Thursday, December 31, 2009
Posted by D. Daniel Sokol
Timothy Tardiff addresses Efficiency Metrics for Competition Policy in Network Industries.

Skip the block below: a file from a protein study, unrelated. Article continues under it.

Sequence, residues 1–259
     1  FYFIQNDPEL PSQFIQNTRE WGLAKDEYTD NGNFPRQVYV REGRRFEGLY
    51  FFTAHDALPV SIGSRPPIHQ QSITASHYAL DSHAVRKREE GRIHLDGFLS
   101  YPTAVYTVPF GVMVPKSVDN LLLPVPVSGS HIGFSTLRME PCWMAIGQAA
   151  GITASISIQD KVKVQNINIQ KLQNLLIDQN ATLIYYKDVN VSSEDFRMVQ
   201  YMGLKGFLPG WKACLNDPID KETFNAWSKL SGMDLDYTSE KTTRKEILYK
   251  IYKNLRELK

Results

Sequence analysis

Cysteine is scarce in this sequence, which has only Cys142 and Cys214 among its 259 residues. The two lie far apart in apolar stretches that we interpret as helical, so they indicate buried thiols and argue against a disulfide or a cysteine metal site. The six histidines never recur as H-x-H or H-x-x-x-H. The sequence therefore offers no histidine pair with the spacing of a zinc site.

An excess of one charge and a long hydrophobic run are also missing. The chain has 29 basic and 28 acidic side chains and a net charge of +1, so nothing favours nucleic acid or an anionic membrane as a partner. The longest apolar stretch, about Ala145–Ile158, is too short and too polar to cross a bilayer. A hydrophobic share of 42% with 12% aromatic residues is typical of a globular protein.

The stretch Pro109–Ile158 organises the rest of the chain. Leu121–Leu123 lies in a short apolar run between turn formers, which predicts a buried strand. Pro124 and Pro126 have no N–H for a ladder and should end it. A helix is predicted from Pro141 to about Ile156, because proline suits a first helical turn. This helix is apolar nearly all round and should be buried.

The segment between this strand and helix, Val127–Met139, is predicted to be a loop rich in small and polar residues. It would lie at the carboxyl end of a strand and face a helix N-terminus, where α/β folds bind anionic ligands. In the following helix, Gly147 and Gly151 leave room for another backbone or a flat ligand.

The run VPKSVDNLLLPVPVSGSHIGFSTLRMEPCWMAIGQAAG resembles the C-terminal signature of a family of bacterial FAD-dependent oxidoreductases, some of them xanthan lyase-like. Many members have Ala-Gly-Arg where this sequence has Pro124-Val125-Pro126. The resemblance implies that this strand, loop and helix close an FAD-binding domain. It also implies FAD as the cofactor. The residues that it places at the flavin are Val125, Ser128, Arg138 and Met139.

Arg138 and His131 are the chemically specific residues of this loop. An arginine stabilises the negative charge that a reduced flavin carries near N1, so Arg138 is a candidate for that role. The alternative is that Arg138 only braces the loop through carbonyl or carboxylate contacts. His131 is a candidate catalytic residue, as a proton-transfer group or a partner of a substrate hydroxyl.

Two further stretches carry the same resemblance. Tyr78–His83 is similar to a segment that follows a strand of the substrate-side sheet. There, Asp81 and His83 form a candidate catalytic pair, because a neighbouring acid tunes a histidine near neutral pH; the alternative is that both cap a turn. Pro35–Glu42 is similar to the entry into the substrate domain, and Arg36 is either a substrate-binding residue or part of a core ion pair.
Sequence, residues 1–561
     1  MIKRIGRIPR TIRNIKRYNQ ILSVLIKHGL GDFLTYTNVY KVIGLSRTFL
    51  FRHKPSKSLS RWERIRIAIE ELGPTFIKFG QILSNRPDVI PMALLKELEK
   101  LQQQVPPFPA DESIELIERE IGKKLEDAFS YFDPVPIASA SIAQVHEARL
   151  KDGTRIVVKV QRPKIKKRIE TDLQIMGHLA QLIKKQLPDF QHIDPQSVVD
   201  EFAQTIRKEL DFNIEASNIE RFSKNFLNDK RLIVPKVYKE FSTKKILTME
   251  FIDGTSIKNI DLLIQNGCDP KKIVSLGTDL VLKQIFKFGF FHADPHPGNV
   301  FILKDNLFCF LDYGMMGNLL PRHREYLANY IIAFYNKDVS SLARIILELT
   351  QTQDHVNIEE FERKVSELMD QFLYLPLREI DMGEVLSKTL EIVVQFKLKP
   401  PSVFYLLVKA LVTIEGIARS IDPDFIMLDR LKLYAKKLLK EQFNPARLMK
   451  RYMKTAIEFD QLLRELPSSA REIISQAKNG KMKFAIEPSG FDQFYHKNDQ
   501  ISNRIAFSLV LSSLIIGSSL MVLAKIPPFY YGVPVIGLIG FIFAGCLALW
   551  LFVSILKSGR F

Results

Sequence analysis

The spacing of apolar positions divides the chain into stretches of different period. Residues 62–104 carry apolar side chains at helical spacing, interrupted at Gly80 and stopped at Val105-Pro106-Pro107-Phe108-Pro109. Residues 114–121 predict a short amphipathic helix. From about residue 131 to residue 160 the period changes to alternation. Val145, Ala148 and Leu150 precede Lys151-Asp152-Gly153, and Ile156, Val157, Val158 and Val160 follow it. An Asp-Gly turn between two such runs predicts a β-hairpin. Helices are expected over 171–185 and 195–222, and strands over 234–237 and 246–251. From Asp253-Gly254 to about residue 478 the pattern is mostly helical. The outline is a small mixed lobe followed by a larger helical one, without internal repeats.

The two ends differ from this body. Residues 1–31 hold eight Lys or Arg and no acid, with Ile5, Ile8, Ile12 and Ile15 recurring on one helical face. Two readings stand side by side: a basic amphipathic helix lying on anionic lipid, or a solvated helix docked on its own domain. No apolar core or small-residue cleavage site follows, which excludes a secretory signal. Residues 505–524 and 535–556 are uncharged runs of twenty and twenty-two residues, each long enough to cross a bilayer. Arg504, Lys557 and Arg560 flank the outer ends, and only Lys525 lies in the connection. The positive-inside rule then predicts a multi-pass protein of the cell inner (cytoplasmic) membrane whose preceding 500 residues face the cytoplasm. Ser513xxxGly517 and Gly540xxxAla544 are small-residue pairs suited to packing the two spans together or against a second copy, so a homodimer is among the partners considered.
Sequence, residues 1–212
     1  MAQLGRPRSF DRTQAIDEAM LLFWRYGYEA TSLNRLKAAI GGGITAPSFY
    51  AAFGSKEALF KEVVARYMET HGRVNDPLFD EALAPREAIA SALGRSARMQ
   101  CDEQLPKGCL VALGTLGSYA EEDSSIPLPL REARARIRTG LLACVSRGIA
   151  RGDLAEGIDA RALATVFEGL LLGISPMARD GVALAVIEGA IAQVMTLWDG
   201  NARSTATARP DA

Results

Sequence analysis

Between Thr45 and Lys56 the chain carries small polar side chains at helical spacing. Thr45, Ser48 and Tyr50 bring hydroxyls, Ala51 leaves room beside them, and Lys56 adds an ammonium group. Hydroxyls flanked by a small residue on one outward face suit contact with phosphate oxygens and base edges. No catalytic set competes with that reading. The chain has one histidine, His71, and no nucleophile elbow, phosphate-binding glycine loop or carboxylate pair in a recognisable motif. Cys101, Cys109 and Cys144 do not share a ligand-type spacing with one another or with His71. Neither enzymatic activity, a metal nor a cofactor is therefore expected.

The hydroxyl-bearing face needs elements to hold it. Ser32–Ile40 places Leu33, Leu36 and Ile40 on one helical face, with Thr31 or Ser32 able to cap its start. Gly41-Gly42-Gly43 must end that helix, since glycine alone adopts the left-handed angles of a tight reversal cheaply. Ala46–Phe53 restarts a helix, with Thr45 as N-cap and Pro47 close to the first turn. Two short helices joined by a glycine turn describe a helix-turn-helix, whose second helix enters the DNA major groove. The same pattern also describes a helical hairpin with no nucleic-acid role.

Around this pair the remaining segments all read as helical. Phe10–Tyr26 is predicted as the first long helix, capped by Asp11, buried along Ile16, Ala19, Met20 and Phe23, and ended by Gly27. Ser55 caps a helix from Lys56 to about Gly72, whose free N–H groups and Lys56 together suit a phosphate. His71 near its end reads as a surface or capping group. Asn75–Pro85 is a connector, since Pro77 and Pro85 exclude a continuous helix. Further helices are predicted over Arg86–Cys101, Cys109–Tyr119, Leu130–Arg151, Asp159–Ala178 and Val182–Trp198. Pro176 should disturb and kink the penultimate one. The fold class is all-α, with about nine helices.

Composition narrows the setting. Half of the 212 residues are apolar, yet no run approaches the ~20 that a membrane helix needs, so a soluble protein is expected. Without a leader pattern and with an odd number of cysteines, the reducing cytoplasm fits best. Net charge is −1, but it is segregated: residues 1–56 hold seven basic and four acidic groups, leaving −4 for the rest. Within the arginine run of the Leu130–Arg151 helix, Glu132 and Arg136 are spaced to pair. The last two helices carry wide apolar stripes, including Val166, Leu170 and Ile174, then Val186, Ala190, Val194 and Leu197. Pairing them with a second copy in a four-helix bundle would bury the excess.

ABSTRACT: In evaluating competition and regulatory policies, economists typically emphasize the extent to which such policies promote economic efficiency. The outcome of such evaluations—particularly in network industries conducive to competitive inroads and technological change—may involve ascertaining whether short-run sacrifices of static efficiency (allocative and technical) are justified by long-run gains in dynamic efficiency. This determination is complicated by the fact that short-run sacrifices are frequently known and measureable, whereas long-run gains are uncertain and less easily measured. Although a growing number of economists—generally relying on the writings of Joseph Schumpeter—conclude that dynamic efficiency is of substantially greater importance in such tradeoffs, in many cases the conclusion is not based on specific measurements of the tradeoffs encountered in particular policies. This article presents a review of the economic arguments favoring (or perhaps opposing) the primacy of dynamic efficiency. On the basis of this review, an analytical framework based on adapting models typically used to evaluate market structure and performance (for example, Cournot models) is developed. This framework can be used to evaluate the static/dynamic efficiency tradeoffs of competition and regulatory policies.